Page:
The United Nations Security Council has approved a U.S.-drafted resolution to strengthen sanctions on North Korea, in response to its escalating nuclear- and ballistic-missile weapons programs. The new sanctions, which received unanimous support from the council on Saturday, will impose a full ban on roughly a third of North Korean exports, denying them more than $1 billion in annual revenue.
The sanctions are the seventh set to be imposed on North Korea since its first nuclear-weapon test in 2006, but the first international measure to be taken against the regime since President Trump took office. The resolution comes a little more than a week after North Korea successfully tested an intercontinental ballistic missile that was capable of reaching the mainland U.S. It also received the crucial support of China, North Korea’s most important ally and trading partner, and one of the countries that can veto any U.N. Security Council resolution.
In fact, Politico reports that the sanctions negotiations with China, which started following North Korea’s first successful test of an ICBM on July 4, succeeded in derailing a Trump-administration plan to open a trade investigation targeting China. That plan, which Trump and White House officials hinted at last weekend, was apparently due to be announced on Friday. Assuming the Politico report is accurate, staving off the White House represents a rare win for the State Department against other factions in the Trump administration. It also, for now, denies the White House a chance to test whether or not a trade war with China would be a smart way to protect the U.S. from a North Korean nuclear missile.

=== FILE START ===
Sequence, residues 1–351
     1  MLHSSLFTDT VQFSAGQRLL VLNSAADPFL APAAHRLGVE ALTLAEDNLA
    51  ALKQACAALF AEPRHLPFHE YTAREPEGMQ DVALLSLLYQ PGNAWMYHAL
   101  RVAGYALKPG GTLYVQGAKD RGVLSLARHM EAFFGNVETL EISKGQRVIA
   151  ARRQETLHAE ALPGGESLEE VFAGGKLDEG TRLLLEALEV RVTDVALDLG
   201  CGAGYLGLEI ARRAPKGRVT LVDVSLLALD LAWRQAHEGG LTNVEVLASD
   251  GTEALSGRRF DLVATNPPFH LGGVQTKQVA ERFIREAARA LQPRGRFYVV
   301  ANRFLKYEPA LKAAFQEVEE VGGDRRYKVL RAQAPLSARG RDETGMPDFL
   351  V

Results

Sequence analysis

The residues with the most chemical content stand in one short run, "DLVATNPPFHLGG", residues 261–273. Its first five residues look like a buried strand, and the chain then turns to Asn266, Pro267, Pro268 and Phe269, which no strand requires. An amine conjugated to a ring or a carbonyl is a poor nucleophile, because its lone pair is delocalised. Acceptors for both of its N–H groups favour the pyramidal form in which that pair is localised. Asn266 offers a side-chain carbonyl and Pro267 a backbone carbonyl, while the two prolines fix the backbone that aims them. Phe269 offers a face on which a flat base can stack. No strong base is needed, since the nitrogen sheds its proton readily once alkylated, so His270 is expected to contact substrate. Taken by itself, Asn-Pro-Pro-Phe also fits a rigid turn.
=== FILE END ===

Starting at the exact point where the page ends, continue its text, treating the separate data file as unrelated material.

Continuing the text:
“This is the most stringent set of sanctions on any country in a generation,” U.S. ambassador Nikki Haley declared before the U.N. Security Council vote on Saturday. Per the resolution, North Korea can no longer export coal, iron, lead, seafood, and a few other materials. New joint ventures with the country are also prohibited, as are new investments in existing ventures, and more North Korean individuals and entities have been added to the preexisting U.N. sanctions blacklist, which freezes assets and travel.
China’s U.N. ambassador, Liu Jieyi, declared on Saturday that the new resolution demonstrates that the world is “united in its position regarding the nuclear position on the Korean peninsula,” and said that China was glad that the U.S. said it was not seeking regime change in Pyongyang or reunification of the two Koreas. North Korea’s denuclearization (which is not very likely) is still a top U.S. priority, however. The U.S. will also continue to conduct its annual military exercises with South Korea, while both China and Russia reiterated their opposition to the deployment of the U.S. THAAD missile-defense system in South Korea, though that issue did not prevent them from supporting the final resolution.
The resolution does not, as the U.S. originally had sought, cut the amount of oil being delivered to North Korea, but the U.S. was apparently able to overcome the initial objections of China and Russia. All involved stressed that they saw the sanctions as a way to force North Korea to the negotiating table over its nuclear- and ballistic-missile weapons programs, but the successful implementation of this — or any — new sanctions on the country will rely almost exclusively on China following through on its end.